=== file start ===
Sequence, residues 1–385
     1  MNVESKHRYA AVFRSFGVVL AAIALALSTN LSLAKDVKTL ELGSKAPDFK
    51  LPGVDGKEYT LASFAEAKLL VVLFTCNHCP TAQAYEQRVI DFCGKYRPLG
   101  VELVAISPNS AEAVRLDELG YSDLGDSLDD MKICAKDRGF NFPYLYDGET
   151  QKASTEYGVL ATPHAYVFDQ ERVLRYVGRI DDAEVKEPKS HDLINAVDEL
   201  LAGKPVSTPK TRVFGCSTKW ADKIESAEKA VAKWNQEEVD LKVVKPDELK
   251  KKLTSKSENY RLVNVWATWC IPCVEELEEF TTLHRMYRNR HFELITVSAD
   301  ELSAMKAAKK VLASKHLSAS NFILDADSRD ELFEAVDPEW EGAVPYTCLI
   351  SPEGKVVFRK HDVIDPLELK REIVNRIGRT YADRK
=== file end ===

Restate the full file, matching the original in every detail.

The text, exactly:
Sequence, residues 1–385
     1  MNVESKHRYA AVFRSFGVVL AAIALALSTN LSLAKDVKTL ELGSKAPDFK
    51  LPGVDGKEYT LASFAEAKLL VVLFTCNHCP TAQAYEQRVI DFCGKYRPLG
   101  VELVAISPNS AEAVRLDELG YSDLGDSLDD MKICAKDRGF NFPYLYDGET
   151  QKASTEYGVL ATPHAYVFDQ ERVLRYVGRI DDAEVKEPKS HDLINAVDEL
   201  LAGKPVSTPK TRVFGCSTKW ADKIESAEKA VAKWNQEEVD LKVVKPDELK
   251  KKLTSKSENY RLVNVWATWC IPCVEELEEF TTLHRMYRNR HFELITVSAD
   301  ELSAMKAAKK VLASKHLSAS NFILDADSRD ELFEAVDPEW EGAVPYTCLI
   351  SPEGKVVFRK HDVIDPLELK REIVNRIGRT YADRK